Peace Dollars (1921-1935)

Coins / United States of America / 1 Dollar

Overview / History

The Bland-Allison Act of 1878 required the treasury to purchase large quantities of silver each month for mining into silver dollars. The subsequent passage of the Pittman Act of 1918, allowing the U.S. to sell large quantities of silver coinage to the British government to offset German efforts to destabilize the British Economy, led to 47% of the existing stock of silver dollars, the Morgan Silver Dollar, being sold and melted down. The provisions of the Bland-Allison Act required that new silver dollars be minted from silver purchased from American mining companies to replace the lost stock.

Following the end of World War I in 1918, calls began for a coin to be created to commemorate the peace, particularly from noted Numatists of the time such as Frank Duffield and Farran Zerbe. The outgoing Chairman of the House Committee on Coinage, Weights, and Measures, Congressman William A. Ashbrook, worked a backroom deal with the incoming chairman, Congressman Albert Henry Vestal, to schedule a hearing in favor of the coins creation. After the hearings and the takeover of the Harding administration, Vestal met with Secretary of Treasury, Andrew W. Mellon, and Mint Director Raymond T. Baker and garnered their support in redesigning the silver dollar, as long as no expense was incurred.

A design competition was held in late 1921 by the U.S. Commission of Fine Arts to redesign the silver dollar, with specific instructions being given to participants regarding required characteristics. On December 13th, 1921, Commission Chairman Charles Moore, Commission Member/former Congressman/Buffalo nickel designer James Earle Frasier, and Mint Director Baker convened to review the submitted designs. After significant discussion, the design of Anthony de Francisci, an Italian immigrant, was selected. Prior to its release, the coin was redesigned to remove a broken sword from the reverse after some controversy arose due to the symbolism involved. Chief Engraver Morgan carefully redesigned the coin based on input of de Francisci, strengthening the rays of sunlight and extending the olive branch to cover the newly empty space.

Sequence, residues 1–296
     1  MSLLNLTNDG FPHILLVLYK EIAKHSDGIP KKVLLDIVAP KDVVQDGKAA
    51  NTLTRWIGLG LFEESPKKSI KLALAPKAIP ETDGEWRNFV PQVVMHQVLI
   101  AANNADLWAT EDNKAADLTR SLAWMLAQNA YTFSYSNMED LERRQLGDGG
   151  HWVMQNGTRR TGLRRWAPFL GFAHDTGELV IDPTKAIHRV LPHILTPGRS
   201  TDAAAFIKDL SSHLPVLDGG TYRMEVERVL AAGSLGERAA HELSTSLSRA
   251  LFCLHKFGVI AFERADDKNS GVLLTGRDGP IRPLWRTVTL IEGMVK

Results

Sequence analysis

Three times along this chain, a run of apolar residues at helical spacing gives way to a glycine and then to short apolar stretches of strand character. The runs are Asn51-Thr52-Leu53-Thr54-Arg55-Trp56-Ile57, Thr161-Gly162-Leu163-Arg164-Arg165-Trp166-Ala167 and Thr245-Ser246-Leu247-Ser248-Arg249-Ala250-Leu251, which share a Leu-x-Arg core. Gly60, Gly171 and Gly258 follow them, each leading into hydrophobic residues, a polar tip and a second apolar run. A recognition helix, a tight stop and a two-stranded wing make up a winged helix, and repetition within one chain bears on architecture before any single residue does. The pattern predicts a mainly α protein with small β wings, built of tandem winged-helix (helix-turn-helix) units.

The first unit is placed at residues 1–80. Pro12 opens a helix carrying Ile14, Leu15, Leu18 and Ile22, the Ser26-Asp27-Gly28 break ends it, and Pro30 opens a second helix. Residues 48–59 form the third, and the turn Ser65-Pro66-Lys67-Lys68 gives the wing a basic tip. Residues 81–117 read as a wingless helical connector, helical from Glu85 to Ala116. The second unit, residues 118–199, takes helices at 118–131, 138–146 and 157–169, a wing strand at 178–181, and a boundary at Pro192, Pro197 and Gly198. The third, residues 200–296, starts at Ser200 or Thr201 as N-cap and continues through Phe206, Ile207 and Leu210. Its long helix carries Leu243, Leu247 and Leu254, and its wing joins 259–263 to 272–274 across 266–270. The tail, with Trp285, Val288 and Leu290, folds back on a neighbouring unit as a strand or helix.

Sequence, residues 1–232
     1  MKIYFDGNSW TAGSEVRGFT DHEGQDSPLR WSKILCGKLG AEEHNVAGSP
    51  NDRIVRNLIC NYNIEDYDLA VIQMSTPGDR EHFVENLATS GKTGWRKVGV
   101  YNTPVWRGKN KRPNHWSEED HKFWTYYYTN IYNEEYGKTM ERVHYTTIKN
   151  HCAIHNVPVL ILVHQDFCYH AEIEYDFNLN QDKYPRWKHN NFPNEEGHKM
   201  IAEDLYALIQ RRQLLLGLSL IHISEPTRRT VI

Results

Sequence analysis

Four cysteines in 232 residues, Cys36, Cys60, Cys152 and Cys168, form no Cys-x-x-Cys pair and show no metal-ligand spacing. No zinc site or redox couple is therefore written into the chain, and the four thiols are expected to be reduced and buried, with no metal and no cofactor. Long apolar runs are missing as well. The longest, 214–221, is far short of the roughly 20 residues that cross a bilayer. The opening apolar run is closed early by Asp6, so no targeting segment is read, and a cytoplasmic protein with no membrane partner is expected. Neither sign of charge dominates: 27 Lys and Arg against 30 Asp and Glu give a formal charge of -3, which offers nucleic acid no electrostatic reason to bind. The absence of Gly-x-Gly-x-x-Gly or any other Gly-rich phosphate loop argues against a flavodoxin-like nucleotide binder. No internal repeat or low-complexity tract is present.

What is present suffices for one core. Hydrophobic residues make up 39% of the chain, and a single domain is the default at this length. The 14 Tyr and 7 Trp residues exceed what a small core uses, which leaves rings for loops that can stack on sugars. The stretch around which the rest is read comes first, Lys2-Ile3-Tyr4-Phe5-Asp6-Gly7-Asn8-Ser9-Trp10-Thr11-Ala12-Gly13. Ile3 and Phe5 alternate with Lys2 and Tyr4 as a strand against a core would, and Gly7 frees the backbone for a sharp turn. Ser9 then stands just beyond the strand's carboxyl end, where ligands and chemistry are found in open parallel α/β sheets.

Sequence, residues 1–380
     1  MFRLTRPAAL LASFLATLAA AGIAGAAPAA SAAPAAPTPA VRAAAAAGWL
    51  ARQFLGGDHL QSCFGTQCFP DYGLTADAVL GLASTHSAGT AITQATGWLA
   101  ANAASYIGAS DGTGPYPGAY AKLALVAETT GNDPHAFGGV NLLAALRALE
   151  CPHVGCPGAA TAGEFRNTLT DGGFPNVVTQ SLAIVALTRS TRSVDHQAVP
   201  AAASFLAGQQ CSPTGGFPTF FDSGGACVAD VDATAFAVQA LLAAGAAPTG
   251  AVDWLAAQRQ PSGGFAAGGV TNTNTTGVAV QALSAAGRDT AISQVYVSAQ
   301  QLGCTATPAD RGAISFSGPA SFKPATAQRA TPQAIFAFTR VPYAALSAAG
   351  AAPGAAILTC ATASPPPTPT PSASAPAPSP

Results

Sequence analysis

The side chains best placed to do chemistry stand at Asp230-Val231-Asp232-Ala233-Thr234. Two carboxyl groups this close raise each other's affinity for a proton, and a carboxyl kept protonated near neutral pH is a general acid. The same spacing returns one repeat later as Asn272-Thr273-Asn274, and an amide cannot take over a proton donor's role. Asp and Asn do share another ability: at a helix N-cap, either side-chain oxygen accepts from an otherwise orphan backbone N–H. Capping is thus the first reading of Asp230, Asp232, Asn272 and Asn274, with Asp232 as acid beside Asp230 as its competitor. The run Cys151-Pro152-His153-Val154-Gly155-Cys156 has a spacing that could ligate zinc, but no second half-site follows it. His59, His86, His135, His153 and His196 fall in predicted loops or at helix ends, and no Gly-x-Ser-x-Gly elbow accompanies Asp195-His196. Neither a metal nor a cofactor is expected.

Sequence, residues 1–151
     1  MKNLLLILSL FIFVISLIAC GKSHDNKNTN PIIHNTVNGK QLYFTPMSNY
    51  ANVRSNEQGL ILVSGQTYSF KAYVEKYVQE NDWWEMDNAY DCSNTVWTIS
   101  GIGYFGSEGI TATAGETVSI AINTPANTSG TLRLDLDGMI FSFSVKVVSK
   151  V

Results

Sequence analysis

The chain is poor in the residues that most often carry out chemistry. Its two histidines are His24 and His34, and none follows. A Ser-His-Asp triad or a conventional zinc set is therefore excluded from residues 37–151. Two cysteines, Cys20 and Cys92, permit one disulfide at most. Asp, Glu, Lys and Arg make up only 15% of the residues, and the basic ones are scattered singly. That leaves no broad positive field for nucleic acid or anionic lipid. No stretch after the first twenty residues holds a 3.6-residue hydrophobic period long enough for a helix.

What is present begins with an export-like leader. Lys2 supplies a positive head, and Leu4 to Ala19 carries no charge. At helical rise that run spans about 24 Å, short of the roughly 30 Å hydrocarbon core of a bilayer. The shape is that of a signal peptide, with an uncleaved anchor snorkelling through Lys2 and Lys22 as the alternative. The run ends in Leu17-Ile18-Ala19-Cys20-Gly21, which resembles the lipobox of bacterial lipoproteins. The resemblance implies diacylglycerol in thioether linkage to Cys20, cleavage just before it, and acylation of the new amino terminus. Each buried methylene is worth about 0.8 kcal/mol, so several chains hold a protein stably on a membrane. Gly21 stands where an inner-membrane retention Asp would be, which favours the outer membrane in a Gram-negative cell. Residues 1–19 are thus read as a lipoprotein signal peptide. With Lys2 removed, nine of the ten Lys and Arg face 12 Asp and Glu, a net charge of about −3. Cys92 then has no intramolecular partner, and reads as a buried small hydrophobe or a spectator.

The first Peace Dollars were minted on December 28th, 1921. The Philadelphia Mint reported striking 1,006,473 pieces in the remaining days of 1921, an amazing feat at the time. The first coin was allegedly sent to President Harding, however it could not be accounted for after his death and its whereabouts remain a mystery. In January 1922, the Mint determined that the high relief of the coin was wearing out dies too quickly, and requested the Commission's assistance in determining how to fix the problems. After several failed attempts, de Francisci was called in to modify his original design to reduce the relief of the coins. The new, low-relief coins began minting in San Francisco on February 13th, while minting began in Denver and Philadelphia on February 21st and February 23rd, respectively.

Production ceased in 1928 due to running to the end of the silver required to be purchased and struck under the Pittman Act. In 1934, further congressional action purchasing large quantities of silver led to the Peace Dollar being put back into production, striking over seven million Peace Dollars in 1934-1935. When it was determined that no commercial demand for the coins existed, production ceased at the end of 1935. The master dies were destroyed in January 1937.